Treatment Integrity in Psychotherapy Research: Analysis of the Studies and
Examination of the Associated Factors
Francheska Perepletchikova, Teresa A. Treat, and Alan E. Kazdin
Treatment integrity refers to the degree to which an intervention is delivered as intended. Two studies
evaluated the adequacy of treatment integrity procedures (including establishing, assessing, evaluating,
and reporting integrity; therapist treatment adherence; and therapist competence) implemented in psy-
chotherapy research, as well as predictors of their implementation. Randomized controlled trials of
psychosocial interventions published in 6 influential psychological and psychiatric journals were re-
viewed and coded for treatment integrity implementation. Results indicate that investigations that
systematically addressed treatment integrity procedures are virtually absent in the literature. Treatment
integrity was adequately addressed for only 3.50% of the evaluated psychosocial interventions. Journal
of publication and treatment approach predicted integrity implementation. Skill-building treatments (e.g.,
cognitive–behavioral) as compared with non-skill-building interventions (e.g., psychodynamic, nondi-
rective counseling) were implemented with higher attention to integrity procedures. Guidelines for
implementation of treatment integrity procedures need to be reevaluated.
Keywords: treatment integrity, treatment fidelity, adherence, competence, treatment outcome
The main goals in treatment outcome research are specification
of a treatment and evaluation of its feasibility and efficacy. Inter-
pretations of treatment effects or the lack of treatment effects
require some assurance that the treatment was carried out as it was
designed (Kazdin, 2003). Treatment integrity (also known as treat-
ment fidelity) refers to the extent to which the intervention was
implemented as intended. Treatment integrity encompasses three
aspects: (a) therapist treatment adherence, the degree to which the
therapist utilizes prescribed procedures and avoids proscribed pro-
cedures; (b) therapist competence, the level of the therapist’s skill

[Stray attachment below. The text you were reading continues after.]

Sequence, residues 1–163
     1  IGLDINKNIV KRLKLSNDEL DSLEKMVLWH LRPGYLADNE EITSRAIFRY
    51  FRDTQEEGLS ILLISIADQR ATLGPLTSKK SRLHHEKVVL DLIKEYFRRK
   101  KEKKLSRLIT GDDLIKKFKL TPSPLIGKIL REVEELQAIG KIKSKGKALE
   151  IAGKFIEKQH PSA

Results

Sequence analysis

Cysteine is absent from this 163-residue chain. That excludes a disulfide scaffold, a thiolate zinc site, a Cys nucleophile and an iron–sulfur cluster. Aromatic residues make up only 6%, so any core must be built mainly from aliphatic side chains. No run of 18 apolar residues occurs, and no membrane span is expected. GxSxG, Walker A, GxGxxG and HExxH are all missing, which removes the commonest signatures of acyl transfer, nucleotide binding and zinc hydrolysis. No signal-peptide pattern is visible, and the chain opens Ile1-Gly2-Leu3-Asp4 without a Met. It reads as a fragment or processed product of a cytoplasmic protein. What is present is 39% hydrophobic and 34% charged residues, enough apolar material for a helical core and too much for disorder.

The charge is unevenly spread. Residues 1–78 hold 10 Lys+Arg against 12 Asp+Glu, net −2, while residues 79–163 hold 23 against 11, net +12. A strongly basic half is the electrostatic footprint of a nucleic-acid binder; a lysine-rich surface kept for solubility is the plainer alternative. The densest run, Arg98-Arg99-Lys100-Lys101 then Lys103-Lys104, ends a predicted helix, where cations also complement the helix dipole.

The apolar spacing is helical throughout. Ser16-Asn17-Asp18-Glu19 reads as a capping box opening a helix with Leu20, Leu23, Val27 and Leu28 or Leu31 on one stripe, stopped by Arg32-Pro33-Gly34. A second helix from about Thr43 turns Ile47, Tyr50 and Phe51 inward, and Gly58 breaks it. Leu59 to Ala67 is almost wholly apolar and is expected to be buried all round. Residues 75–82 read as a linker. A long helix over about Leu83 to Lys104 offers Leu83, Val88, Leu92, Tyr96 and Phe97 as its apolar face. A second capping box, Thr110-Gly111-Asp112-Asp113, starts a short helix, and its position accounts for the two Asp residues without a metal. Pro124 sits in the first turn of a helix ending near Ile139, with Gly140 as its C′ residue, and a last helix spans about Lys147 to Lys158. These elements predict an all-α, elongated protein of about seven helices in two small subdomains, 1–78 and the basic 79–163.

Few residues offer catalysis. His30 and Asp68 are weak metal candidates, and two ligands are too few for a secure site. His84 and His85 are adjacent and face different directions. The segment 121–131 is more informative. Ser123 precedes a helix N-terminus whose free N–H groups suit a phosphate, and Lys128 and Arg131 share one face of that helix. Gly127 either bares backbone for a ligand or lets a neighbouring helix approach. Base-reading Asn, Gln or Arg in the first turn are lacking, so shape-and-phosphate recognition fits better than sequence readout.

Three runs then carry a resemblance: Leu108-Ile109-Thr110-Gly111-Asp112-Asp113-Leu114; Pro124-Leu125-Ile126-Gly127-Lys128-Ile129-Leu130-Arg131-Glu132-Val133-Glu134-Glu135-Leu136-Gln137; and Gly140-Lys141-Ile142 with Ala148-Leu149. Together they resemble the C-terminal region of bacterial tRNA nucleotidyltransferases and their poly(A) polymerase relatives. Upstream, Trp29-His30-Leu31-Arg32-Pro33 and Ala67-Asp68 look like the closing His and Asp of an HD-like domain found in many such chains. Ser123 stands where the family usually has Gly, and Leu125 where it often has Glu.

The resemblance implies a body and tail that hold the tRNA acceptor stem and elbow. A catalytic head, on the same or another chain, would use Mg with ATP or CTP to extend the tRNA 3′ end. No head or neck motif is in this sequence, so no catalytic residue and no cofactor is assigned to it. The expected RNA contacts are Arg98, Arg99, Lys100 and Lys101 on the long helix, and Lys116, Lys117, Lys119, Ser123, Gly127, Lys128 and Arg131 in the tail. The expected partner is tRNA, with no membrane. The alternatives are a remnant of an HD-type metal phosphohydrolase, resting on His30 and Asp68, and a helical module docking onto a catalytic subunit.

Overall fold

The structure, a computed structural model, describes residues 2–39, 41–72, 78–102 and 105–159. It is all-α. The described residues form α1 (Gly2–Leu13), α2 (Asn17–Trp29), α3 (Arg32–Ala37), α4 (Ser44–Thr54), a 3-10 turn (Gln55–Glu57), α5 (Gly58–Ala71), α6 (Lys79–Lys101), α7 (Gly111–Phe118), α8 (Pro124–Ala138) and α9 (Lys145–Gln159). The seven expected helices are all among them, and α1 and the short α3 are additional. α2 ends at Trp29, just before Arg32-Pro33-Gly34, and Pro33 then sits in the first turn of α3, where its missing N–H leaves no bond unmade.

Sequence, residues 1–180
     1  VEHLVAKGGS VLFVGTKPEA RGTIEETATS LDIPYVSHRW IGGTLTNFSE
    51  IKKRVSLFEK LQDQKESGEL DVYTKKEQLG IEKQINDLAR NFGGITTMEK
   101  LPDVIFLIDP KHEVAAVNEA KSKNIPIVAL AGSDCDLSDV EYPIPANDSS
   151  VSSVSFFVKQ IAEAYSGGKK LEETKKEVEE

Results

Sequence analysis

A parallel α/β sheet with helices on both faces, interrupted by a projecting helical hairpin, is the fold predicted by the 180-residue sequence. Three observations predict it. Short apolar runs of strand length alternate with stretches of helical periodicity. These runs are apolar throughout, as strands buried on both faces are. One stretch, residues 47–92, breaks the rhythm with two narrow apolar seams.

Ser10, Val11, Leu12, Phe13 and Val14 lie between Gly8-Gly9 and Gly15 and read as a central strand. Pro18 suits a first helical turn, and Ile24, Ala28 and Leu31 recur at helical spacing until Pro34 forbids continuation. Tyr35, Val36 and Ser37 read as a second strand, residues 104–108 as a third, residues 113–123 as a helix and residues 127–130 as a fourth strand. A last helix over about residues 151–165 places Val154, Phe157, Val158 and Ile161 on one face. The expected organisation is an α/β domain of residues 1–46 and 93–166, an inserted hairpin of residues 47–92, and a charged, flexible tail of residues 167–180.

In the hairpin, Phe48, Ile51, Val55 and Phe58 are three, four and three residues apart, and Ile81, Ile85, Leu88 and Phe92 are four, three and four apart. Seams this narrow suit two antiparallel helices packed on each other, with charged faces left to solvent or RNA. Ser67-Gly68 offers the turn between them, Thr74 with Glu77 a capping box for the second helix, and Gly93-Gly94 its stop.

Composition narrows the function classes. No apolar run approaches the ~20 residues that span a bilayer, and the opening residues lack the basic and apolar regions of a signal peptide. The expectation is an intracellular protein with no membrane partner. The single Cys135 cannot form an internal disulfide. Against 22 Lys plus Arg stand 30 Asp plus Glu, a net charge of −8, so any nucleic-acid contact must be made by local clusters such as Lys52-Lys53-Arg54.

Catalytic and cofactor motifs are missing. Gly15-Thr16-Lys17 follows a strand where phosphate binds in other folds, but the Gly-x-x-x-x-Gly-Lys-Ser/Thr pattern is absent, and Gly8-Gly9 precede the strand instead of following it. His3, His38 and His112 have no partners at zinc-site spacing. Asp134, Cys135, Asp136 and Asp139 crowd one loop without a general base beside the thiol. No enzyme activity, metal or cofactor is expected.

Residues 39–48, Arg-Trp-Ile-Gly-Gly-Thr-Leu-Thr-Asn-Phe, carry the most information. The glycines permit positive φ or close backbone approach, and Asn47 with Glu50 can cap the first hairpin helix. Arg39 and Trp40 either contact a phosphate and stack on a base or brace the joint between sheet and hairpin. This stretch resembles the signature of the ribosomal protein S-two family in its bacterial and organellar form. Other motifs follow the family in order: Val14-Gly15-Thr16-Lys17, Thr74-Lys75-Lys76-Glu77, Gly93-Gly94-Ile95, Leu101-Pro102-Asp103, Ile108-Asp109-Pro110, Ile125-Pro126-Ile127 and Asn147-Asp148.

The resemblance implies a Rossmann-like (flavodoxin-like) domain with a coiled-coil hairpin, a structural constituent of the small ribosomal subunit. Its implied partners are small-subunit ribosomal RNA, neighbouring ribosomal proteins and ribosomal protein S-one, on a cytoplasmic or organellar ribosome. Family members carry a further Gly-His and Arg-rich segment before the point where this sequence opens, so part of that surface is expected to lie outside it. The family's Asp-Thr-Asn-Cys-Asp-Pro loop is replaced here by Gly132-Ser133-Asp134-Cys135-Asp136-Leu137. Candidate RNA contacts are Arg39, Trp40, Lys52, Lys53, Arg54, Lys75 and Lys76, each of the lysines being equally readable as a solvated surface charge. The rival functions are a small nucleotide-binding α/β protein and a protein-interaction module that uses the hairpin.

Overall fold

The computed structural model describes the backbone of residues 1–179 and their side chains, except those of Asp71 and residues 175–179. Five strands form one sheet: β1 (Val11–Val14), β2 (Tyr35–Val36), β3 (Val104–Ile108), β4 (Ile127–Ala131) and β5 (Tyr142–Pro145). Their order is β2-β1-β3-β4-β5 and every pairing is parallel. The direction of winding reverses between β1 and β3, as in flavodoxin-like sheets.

and judgment; (c) and treatment differentiation, whether treat-
ments differ from each other along critical dimensions (e.g., Waltz,
Addis, Koerner, & Jacobson, 1993).
Therapist treatment adherence and treatment differentiation are
closely related. A measure of therapist treatment adherence is
sufficient for determination of whether treatments are in fact
distinct (Waltz et al., 1993). When therapists adhere closely to the
manual for each treatment (e.g., by implementing procedures pre-
scribed for Treatment A and by avoiding procedures prescribed for
Treatment B as well as other proscribed procedures), intervention
purity is preserved. Manipulation checks on treatment delivery
(i.e., assessment of treatment adherence) ensure that tasks pertain-
ing to each treatment do not overlap.
The relationship between therapist treatment adherence and
competence is less straightforward. Research examining the rela-
tionship between these two aspects has produced conflicting re-
sults, which range from no significant association (e.g., Paivio,
Holowaty, & Hall, 2004) to high correlation (e.g., Barber et al.,
2006; Shaw et al., 1999). Empirical examination of the association
between therapist treatment adherence and competence may be
challenging, due to the inherent conditionality between these two
aspects: competence presupposes adherence, but adherence does
not presuppose competence (McGlinchey & Dobson, 2003). Con-
ceptual distinction, on the other hand, is more evident. Whereas
adherence represents a quantitative aspect of treatment integrity
(how frequently the therapist implements procedures prescribed by
the manual and avoids those proscribed), competence is its qual-
itative aspect (how well prescribed procedures are implemented).
Even if adherent, therapists can deliver treatment in an incompe-
tent manner that threatens the validity of the interpretations about
the obtained outcome. Failure to evaluate competence may result
in an inability to establish which factors, treatment, or treatment
provider resulted in the treatment effect or lack of effect. As noted
by Nezu and Nezu (2005), the intervention may not equal the
The breakdown in treatment integrity may pose threats to the
experimental validity of a study and can have serious implications
for inferences drawn about the relationship between treatment and
Frankenberger, & Bocian, 2000; Kazdin, 2003; Moncher & Prinz,
1991). If a treatment was not executed as planned, it is not possible
to establish which manipulation (intervention or alternative fac-
tors) resulted in a change on dependent measures, which would
threaten the internal validity. Lack of treatment integrity can
hinder attempts to replicate the study and to evaluate its external
validity. Generality of the findings cannot be established without
an exact description of what has actually been done to the depen-
Francheska Perepletchikova, Teresa A. Treat, and Alan E. Kazdin,
Department of Psychology, Yale University.
This work was presented in part at the 18th Annual Convention of the
Association for Psychological Science, New York, New York, May 28,
2006, and was supported in part by the Robert M. Leylan Dissertation
Fellowship. We are very grateful to Susan Nolen-Hoeksema, Peter
Salovey, and Douglas Mennin for their intellectual contributions and to
Daniel J. Bauer for his help with statistical analyses.
Correspondence concerning this manuscript should be addressed to
Francheska Perepletchikova at firstname.lastname@example.org
Journal of Consulting and Clinical Psychology
2007, Vol. 75, No. 6, 829–841
Copyright 2007 by the American Psychological Association